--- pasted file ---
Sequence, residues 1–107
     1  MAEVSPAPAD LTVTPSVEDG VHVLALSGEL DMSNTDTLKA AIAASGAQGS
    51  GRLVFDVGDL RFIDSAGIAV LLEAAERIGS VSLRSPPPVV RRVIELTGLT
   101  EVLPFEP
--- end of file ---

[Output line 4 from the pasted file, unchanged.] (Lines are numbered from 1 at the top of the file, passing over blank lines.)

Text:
   101  EVLPFEP